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City Council debates scheduling second meeting each month

It looks like Washington’s City Council will continue to have just one regularly scheduled meeting each month.

However, after some debate, the council tabled the issue until its next regular meeting.

During the council’s June 11 meeting, council member William Pitt broached the subject of the council having two regularly scheduled meetings each month, on the second and fourth Mondays. His suggestion drew mixed results.

Council members Virginia Finnerty and Richard Brooks rejected Pitt’s recommendation, as did Mayor Mac Hodges. Councilman Roland Wyman said he thought a second monthly meeting could be productive. Councilman Doug Mercer said it does not matter to him whether the council has one or two regularly scheduled meetings each month.

“There’s some nights we’re very fortunate; we get out of here before midnight. I’d like for this council to return to its second-meeting policy per month with regard to the amount of information, grants, et cetera that we’re receiving. I think we need to be a little bit better informed. We need to be better informed on the things that are going in in the city,” Pitt said. “There is nothing more distressing than to read about items that are happening in the city in the paper. … I’d like to know about them first-hand and not read about them in the paper.”

Pitt said if the city manager and mayor determine there are not enough items for the council to address in the second meeting, that meeting could be cancelled. Currently, if the council must conduct another meeting during a month, it must advertise that meeting by notifying the public and media. Having a second meeting each month would alleviate the city from having to post notifications about a called second meeting, Pitt noted.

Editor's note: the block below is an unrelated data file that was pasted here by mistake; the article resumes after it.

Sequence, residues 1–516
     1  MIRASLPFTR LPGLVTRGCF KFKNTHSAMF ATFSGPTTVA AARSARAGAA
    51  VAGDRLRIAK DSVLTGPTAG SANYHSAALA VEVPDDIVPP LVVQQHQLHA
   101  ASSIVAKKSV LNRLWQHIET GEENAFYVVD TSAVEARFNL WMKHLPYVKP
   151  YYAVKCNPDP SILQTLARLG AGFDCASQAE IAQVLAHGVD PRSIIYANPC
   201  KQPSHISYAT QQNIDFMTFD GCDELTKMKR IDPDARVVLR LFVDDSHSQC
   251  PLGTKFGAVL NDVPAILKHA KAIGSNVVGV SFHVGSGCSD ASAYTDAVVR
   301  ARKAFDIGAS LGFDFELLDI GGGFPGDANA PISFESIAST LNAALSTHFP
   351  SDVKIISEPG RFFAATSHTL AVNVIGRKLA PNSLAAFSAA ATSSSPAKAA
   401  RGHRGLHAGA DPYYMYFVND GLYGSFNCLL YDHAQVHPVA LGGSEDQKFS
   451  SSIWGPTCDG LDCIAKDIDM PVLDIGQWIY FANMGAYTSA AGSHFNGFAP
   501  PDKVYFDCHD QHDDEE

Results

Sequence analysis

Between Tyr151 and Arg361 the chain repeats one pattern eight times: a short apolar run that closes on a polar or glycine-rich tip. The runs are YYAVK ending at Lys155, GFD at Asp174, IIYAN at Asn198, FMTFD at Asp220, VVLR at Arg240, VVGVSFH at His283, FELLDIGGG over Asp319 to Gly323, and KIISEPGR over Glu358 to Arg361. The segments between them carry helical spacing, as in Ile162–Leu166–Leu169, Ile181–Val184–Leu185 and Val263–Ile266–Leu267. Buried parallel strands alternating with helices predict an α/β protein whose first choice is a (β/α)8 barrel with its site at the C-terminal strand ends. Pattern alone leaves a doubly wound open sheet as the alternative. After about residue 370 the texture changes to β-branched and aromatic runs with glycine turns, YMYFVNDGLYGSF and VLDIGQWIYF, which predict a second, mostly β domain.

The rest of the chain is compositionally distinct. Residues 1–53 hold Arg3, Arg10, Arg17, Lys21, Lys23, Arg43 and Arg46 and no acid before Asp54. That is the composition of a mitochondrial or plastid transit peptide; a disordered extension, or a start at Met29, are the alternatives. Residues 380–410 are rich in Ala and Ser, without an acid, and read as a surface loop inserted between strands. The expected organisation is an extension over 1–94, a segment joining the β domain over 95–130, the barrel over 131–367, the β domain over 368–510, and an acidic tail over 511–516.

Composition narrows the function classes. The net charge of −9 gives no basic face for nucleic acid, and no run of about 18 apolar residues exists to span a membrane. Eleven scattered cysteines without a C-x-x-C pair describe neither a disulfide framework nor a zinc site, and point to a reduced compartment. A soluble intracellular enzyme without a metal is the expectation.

“Well, I don’t really want to do it. I like the one (meeting) because it gives you more freedom is something comes up. I know in the first two years when we were doing two I had to move schedules all around for them. …I’m fine the way it is,” Hodges said.

“I would actually prefer seeing us go to twice a month. We’re actually seeing the potential for more activity in the city. I see our load increasing,” Wyman said.

Hodges suggested a second meeting every other month.

Finnerty said that when the council decided to have just one meeting a month, council members made it clear that if a second meeting is needed to address city business, then it would conducted a second meeting.

Pitt reminded the council and mayor that calling a second meeting requires public notification of that called meeting. “A second, regular meeting is more advantageous to us than saying, ‘I’ve got something I want to do and I don’t want to come to a second meeting.’ Folks, let’s remember the reason we’re here. We’re here to serve the public,” Pitt said.

Wyman said it would be better to have a regular second meeting, with the option to cancel it if it’s not needed.

“I like the way we’ve go it now. … I think we’re doing a good job with one meeting. I prefer to stay at one meeting,” Brooks said.

“The second meeting in many cases can be more an informational meeting. It gives us a time to digest information and come back at the next meeting and vote on it,” said Mercer, adding that sometimes the council receives pages and pages of information that needs to be reviewed by council members and city staff before the council acts on that information.

City Manager Bobby Roberson told the council there has been an increase in items coming before it for consideration and action.

About Mike Voss

Mike Voss is the contributing editor at the Washington Daily News. He has a daughter and four grandchildren. Except for nearly six years he worked at the Free Lance-Star in Fredericksburg, Va., in the early to mid-1990s, he has been at the Daily News since April 1986.
Journalism awards:
• Pulitzer Prize for Meritorious Public Service, 1990.
• Society of Professional Journalists: Sigma Delta Chi Award, Bronze Medallion.
• Associated Press Managing Editors’ Public Service Award.
• Investigative Reporters & Editors’ Award.
• North Carolina Press Association, First Place, Public Service Award, 1989.
• North Carolina Press Association, Second Place, Investigative Reporting, 1990.
All those were for the articles he and Betty Gray wrote about the city’s contaminated water system in 1989-1990.
• North Carolina Press Association, First Place, Investigative Reporting, 1991.
• North Carolina Press Association, Third Place, General News Reporting, 2005.
• North Carolina Press Association, Second Place, Lighter Columns, 2006.
Recently learned he will receive another award.
• North Carolina Press Association, First Place, Lighter Columns, 2010.
4. Lectured at or served on seminar panels at journalism schools at UNC-Chapel Hill, University of Maryland, Columbia University, Mary Washington University and Francis Marion University.

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